Bahrain’s Crown Prince, Sheikh Salman bin Hamad al-Khalifa, has been appointed first deputy Prime Minister (PM), a move viewed as a sign that the royal family is looking to bolster efforts to negotiate an end to an uprising that has lasted over two years.
The appointment comes just a few weeks into a renewed dialogue between the government and opposition groups and amid pressure from Bahrain’s GCC neighbours to find a political solution to the continued unrest.
It also puts Sheikh Salman back at the heart of Bahraini politics after having kept a low profile since his attempts at negotiating with opposition groups during the peak of pro-democracy demonstrations in March 2011 collapsed. Those talks fell apart as opposition groups continued to demand more concessions from the government, which responded by sending in troops to clear protesters and imposed a curfew to stop demonstrations.
The ruling Sunni Al-Khalifa family has been divided since then about how to deal with the uprising. The Crown Prince has been the most high-profile advocate of continuing dialogue with Shia groups. A hardline faction which includes Prime Minister Sheikh Khalifa bin Salman al-Khalifa and royal court minister Khalid bin Ahmad bin Salman al-Khalifa, have been loath to grant concessions to protesters and have advocated a continued tough response to protests.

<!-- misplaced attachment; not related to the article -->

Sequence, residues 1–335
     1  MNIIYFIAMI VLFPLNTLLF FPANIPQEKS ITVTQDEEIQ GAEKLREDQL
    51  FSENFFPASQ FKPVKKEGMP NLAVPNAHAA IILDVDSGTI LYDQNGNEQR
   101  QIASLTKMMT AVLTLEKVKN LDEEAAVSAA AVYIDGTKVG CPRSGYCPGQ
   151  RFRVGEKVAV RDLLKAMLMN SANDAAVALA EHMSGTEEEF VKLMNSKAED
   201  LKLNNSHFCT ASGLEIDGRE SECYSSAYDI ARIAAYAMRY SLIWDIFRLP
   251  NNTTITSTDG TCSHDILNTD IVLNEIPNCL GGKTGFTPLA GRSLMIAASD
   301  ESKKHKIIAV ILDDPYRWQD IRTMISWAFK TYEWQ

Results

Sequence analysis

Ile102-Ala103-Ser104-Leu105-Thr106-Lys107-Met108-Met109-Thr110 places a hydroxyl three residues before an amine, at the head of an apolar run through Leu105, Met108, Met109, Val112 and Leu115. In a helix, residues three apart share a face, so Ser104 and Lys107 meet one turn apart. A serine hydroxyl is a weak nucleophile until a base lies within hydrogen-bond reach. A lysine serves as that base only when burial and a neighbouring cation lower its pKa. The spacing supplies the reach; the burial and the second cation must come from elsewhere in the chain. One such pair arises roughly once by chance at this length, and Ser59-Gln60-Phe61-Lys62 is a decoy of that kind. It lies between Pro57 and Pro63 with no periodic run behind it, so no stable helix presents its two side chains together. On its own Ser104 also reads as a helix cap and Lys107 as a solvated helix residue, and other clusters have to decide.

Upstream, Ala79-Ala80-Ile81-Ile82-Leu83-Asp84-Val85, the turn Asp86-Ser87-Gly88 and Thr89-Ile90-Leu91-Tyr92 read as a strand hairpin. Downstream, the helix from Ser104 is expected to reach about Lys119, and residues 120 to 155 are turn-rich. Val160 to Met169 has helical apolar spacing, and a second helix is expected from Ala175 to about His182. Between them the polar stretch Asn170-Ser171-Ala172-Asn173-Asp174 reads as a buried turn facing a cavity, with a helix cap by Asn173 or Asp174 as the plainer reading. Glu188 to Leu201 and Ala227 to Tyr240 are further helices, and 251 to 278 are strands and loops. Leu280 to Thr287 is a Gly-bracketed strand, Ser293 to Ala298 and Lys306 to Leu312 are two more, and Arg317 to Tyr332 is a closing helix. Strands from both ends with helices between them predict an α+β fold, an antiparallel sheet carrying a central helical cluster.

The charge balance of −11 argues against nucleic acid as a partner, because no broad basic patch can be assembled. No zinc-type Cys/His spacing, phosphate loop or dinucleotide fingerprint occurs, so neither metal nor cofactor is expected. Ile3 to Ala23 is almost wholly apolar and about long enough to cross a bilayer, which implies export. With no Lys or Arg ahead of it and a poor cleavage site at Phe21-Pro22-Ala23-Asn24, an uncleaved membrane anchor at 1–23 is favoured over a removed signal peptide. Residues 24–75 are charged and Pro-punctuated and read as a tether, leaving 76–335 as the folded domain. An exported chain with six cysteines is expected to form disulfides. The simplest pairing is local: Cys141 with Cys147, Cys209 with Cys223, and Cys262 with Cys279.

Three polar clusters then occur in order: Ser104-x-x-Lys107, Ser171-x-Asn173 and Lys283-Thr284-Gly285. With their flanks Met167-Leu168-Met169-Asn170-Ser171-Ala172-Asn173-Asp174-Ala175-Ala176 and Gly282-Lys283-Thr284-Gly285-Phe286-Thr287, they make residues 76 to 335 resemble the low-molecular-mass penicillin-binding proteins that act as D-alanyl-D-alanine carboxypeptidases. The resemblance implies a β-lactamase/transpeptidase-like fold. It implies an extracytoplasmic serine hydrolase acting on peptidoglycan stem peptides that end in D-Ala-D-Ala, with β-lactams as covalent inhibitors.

Clashes between Shia youths and security forces continue to take place on a regular basis. Concerns are rising about the ability of formal political opposition groups like Al-Wefaq, the largest Shia political society, to get any deal agreed with the government to also appease those young protesters. “If Wefaq agree a deal with the government we will still stay on the streets,” says one young demonstrator.
The crown prince will join four other deputy PMs and have responsibility for the development and performance of government bodies. Observers say the appointment will institutionalise his role within the government.